Student suicides in Rajasthan’s Kota drop by 70%
Sustained efforts by a panic-stricken Rajasthan administration has saved lives of many students.education Updated: Nov 10, 2017 13:13 IST
Student suicides in Rajasthan’s Kota dropped by 70% in the first 10 months of this year, data shows, the fall attributed to a raft of measures announced last year following a string of deaths and reports of mounting stress in India’s coaching hub.
Four students died between January and October 2017, compared to 14 in the same period last year, police data showed. No student died between July and October 2017, the last suicide reported in June of a 17-year-old NEET aspirant from Bihar.
In 2015, 12 students had died in the first 10 months of the year.
Kota sees around 150,000 students enrol every year in any of the 40-odd institutes to train for professional engineering and medical entrance examinations.
But a spate of suicides, about 60 in the past five years, rocked the city and forced the administration to issue new guidelines aimed at curbing stress levels among teenage aspirants.
The administration made weekly offs and recreation days compulsory, shuffled test schedules and ensured more counsellors were engaged by institutes. These steps, experts said, were instrumental in calming the nerves of students, who often came from small towns and dealt with rising expectations of parents and institutes.
“Certainly, the interventions taken by the Kota administration in 2016 proved to be a milestone in the efforts to curb student suicides in Kota,” said Sujata Sriram, professor, School of Human Ecology, at the Tata Institute of Social Sciences that was hired by the state government to study the reasons for stress levels in Kota.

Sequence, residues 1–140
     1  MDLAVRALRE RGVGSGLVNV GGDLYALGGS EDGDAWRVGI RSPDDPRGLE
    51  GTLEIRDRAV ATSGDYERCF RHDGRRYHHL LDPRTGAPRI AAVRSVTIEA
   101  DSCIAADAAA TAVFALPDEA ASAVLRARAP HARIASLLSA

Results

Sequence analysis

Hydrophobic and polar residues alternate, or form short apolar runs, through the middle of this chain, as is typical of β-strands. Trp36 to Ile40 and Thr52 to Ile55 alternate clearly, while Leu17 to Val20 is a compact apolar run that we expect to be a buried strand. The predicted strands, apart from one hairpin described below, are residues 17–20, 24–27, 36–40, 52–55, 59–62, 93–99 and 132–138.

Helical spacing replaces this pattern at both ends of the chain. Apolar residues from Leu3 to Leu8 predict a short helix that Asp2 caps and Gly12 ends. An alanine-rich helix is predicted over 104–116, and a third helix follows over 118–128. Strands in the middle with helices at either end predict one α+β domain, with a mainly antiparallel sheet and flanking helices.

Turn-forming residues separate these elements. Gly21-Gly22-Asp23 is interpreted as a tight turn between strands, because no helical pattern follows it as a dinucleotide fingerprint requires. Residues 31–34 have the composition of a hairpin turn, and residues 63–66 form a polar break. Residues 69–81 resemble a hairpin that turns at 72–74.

Kota additional district magistrate Sunita Daga credited “awareness among parents, students and all stakeholders” for reducing suicides.
The institutes said they had ramped up the number of counsellors and were more proactive in monitoring stressed students while asking parents to reduce pressure on their children.
“We have reduced batch reshuffling that used to create pressure as it linked batches to performance in tests”, said Naveen Maheshwari, director of Allen Coaching Insitute.
Manoj Kumar Sharma, executive director of Resonance Eduventures Private Limited said changes in the examination pattern had helped. “Now we give a day break before the major test to provide students enough time to prepare for tests.”
But a student, who spoke on the condition of anonymity, said recreational facilities were still not adequate and meditation and yoga were optional. There has also been an increase in the number of parents who now live with their children in Kota.
An NGO-run helpline restarted in March 2016 also played a crucial role, said experts. “The helpline received 1,464 calls from students since March 2016 for problems related to suicidal tendencies, study problem, depression, emotional issues and others which were effectively tackled,” said ML Agarwal, psychiatrist and coordinator of the HOPE helpline.
But experts rued that huge strides needed to be made to wipe out student suicides. “Kota coaching stakeholders have to work hard on increasing recreational activities for students, conducting screening and aptitude tests prior admissions, firmly implementing batch reshuffling, reducing student strength in classrooms and facilitating counselling facilities, said Sriram.